I explained that Memorial Day used to be celebrated on May 30, and that it had been known as Decoration Day. The name “officially” changed in the 1960’s when President Johnson decreed the last Monday in May to be a federal holiday known as “Memorial Day,” meant to honor and remember the men and women who perished while in service to their country. Tradition is very strong in the mountains and valleys of East Tennessee, and my Clinch Mountain relatives still celebrate Decoration Day on the Sunday following Memorial Day.

Unlike other parts of Tennessee, those from East Tennessee do not celebrate the Confederate Decoration Day, which is held on June 3. East Tennesseans were staunchly Unionist during the Civil War, and did not secede with the rest of the state. I’ve traced many of my East Tennessee ancestors to the Civil War, and not one of them wore the grey.

Most of my ancestors are buried in small family cemeteries. Some are attached to tidy little church houses; some are perched on hillsides within a ring of trees; still others sit tucked away in the corners of farmers’ fields – family land now in the possession of someone else. Regardless of their location, the cemeteries are made to look their very best for Decoration Day – grass is mown, weeds are pulled, and the headstones are cleaned and polished before flowers are placed. Tiny, ancient cemeteries with only a handful of weather-worn stones get the same royal treatment as the church cemeteries. The path to one diminutive family graveyard was fraught with weeds and poison ivy on the trek up the hillside, but inside the worn picket fence the space was clean and tidy.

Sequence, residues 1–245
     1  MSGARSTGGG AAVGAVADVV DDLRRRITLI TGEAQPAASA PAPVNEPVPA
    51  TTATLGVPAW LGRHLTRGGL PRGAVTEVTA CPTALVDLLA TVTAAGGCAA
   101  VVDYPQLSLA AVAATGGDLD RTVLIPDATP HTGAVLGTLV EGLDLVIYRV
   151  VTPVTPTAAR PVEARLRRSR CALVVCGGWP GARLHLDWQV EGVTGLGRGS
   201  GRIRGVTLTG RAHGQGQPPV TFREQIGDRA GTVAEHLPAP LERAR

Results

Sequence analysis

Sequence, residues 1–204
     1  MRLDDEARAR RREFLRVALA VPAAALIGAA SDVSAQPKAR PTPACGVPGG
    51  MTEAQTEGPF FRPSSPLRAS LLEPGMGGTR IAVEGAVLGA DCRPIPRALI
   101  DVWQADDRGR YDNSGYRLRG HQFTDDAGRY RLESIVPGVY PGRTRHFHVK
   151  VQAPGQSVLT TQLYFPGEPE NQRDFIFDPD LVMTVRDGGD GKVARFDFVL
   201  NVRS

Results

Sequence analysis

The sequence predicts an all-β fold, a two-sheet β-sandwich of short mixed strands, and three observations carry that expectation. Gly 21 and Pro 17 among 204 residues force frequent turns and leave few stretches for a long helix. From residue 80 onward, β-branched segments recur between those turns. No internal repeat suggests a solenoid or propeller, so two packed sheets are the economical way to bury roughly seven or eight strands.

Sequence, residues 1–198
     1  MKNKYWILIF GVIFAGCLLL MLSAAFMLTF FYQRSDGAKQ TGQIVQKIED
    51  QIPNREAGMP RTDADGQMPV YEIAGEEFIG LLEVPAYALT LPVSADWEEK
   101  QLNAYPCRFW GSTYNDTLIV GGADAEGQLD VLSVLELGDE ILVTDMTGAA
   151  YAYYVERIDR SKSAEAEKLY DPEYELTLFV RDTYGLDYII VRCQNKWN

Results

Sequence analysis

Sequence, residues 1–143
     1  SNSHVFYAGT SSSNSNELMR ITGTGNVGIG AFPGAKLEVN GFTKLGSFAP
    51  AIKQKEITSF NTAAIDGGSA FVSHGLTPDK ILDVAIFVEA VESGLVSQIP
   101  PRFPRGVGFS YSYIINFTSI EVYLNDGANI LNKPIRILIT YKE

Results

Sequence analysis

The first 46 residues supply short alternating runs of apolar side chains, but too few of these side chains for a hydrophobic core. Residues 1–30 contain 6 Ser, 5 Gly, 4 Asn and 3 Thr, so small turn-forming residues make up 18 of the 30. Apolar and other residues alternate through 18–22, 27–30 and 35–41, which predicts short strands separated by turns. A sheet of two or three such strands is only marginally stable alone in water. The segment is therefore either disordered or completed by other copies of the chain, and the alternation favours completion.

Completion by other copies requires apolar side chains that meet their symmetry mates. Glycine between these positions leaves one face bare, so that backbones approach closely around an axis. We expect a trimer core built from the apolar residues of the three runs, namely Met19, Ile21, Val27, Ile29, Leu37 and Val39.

This year the weather forecast was calling for thunderstorms on Decoration Day, so we went to the cemeteries on Saturday instead, although most still planned to gather on Sunday for the traditional dinner on the ground at the little church next to the largest of the family cemeteries.

I took along an old, framed picture of long dead ancestors that I hoped someone could help me identify. The picture had always hung in my grandparent’s house, and when they passed away the picture went to my Dad. When he died, it became mine, but I didn’t know who they were. I’d already asked Dad’s remaining siblings about it, but the ancestors had died long before any of them were born, and they couldn’t recall their names. All I knew was what Dad had told me, “These men are your grandma’s uncles.”

Grandma had a lot of uncles – which of the twelve were they? As we walked around the cemetery, we chatted with family and strangers alike (for really there were no strangers – a few minutes of talking usually revealed yet another branch in the family tree) and showed the picture to them, to no avail. Most were simply too young to know.